A deep dive into all the real estate data from our spring selling season.  ͏ ͏ ͏ ͏ ͏ ͏ ͏ ͏ ͏ ͏ ͏ ͏ ͏ ͏ ͏ ͏ ͏ ͏ ͏ ͏ ͏ ͏ ͏ ͏  ͏ ͏ ͏ ͏ ͏ ͏ ͏ ͏ ͏ ͏ ͏ ͏ ͏ ͏ ͏ ͏ ͏ ͏ ͏ ͏ ͏ ͏ ͏ ͏  ͏ ͏ ͏ ͏ ͏ ͏ ͏ ͏ ͏ ͏ ͏ ͏ ͏ ͏ ͏ ͏ ͏ ͏ ͏ ͏ ͏ ͏ ͏ ͏  ͏ ͏ ͏ ͏ ͏ ͏ ͏ ͏ ͏ ͏ ͏ ͏ ͏ ͏ ͏ ͏ ͏ ͏ ͏ ͏ ͏ ͏ ͏ ͏
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Austin real estate news, analysis and other stuff!

What's going on with the housing market?

Now that the spring selling season is well underway, I can finally tell you about our post-pandemic and post-Fed-going-nuts-raising-interest-rates New Normal. 

I'm going to walk you through several charts that will give a snapshot into what our housing market has been through in the last five years and where we are now.

First up is active listings. Think of this as "inventory." When you hear things about "low inventory" or "high inventory," that's this chart -- the amount of houses that have hit the market for sale on the MLS. 


You will notice that we are in a period of relatively high inventory in Austin. Right now, we have 3.2 months of inventory in our market, which is still considered a seller's market -- but it's historically high for Austin. 

(Yet another reason to totally ignore all those national headlines about how we have an inventory problem in real estate. Not so much in Austin!)

For buyers, this means you have CHOICES. More choices than you would have had at any time in the last five years. That's awesome. One of the biggest issues for both sellers and buyers in the recent past has been this persistent issue of low inventory. It makes people afraid to sell if they feel like buying will be difficult.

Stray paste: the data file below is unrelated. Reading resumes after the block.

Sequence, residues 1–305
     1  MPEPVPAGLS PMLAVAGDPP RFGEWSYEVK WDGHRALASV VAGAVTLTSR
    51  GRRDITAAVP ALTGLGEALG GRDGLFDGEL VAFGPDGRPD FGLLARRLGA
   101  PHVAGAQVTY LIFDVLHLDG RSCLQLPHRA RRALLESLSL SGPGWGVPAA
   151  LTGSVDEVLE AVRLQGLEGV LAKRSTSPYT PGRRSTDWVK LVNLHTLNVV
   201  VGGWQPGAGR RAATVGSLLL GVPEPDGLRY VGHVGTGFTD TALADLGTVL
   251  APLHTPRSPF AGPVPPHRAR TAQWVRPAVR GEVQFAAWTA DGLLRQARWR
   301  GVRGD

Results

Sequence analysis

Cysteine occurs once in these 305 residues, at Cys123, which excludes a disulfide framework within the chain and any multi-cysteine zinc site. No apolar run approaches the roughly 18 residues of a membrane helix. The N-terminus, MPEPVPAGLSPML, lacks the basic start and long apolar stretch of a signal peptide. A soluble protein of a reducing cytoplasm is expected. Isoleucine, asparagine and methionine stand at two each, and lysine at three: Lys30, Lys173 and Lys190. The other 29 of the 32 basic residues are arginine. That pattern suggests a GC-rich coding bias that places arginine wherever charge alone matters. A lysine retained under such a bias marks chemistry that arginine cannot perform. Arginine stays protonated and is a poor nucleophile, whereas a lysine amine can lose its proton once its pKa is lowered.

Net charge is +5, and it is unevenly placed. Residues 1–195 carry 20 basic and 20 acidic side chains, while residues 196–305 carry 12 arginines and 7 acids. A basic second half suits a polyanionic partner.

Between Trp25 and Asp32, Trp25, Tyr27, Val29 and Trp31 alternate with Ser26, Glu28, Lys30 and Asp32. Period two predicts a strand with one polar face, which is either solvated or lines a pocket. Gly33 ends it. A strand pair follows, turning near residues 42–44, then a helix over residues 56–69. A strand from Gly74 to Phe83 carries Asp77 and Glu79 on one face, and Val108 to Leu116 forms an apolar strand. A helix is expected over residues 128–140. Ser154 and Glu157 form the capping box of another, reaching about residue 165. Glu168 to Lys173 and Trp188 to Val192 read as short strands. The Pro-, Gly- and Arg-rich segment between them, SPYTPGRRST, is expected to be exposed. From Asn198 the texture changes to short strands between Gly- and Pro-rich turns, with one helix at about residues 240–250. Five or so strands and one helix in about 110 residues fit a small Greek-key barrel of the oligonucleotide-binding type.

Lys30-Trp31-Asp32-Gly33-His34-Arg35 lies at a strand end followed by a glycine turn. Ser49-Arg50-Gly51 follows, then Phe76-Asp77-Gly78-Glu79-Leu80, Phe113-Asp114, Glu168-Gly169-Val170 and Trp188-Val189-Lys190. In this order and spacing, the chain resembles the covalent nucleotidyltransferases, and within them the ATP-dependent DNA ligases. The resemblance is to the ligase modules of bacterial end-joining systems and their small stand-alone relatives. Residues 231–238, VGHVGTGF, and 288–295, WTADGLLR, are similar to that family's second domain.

Now let's take a look at what's going on the number of actual sales. This is different from inventory, it means the number of actual closed sales.


This chart is saying, "Hey, you have fewer sales than you normally do this time of year."

Notice that in the previous five years, we had more sales in spring than we do this year. 

I also went back and looked at our sales history in 2009 and 2010 during the Great Recession and we had fewer sales then versus 2023. But this is not terribly meaningful to me because we have a lot more people and houses than we did back then. 

Because our housing inventory is relatively high, our lower closed transactions definitely points to a buyer confidence/interest rate issue. I know there are a lot of buyers sitting on the sidelines right now trying to wait out the 6-percent interest rates. The question is: How long are they going to wait this out? 

But when you look at price...things get interesting!


This is my favorite chart. 

Because it shows what an outlier those pandemic years were. We're simply inching our way back to the mean. Close readers of my newsletter will remember that the Austin housing market returns on average a little over 6 percent a year. Not bad compared to other cities.

In fact, we are doing better than the mean! You can see that trend more clearly in the chart below of median closed prices over a 10-year period. This was probably my most surprising finding when reviewing the data for this spring. Our pandemic-era pricing has actually held up surprisingly well. 


Another interesting statistic to check out is Days on Market. This is how long it took for a house to go under contract after it was first listed. This is a pretty good metric for how seller or buyer friendly a market is.

Check it out!


The chart above is communicating a lot to me. It's saying that the pandemic years were an unusual time when homes flew off the market in a matter of days. It's also saying that homes sat on the market for a looooong time in Fall 2022, but that we've quickly bounced back to so-called "normal" Days on Market. 


The market is sending mixed signals, right? 

You would think with higher inventory and fewer sales that prices would be dropping. But that's not happening. Prices are not tanking and Days on Market are in the normal range. 

Why is that? I'm sure an economist would talk your ear off about Austin's strong job growth and rising interest rates and blah blah blah. 

But my pet theory for why we're seeing such contradictory data is that higher interest rates basically returned us to a slightly slower version of our pre-pandemic "normal" housing market.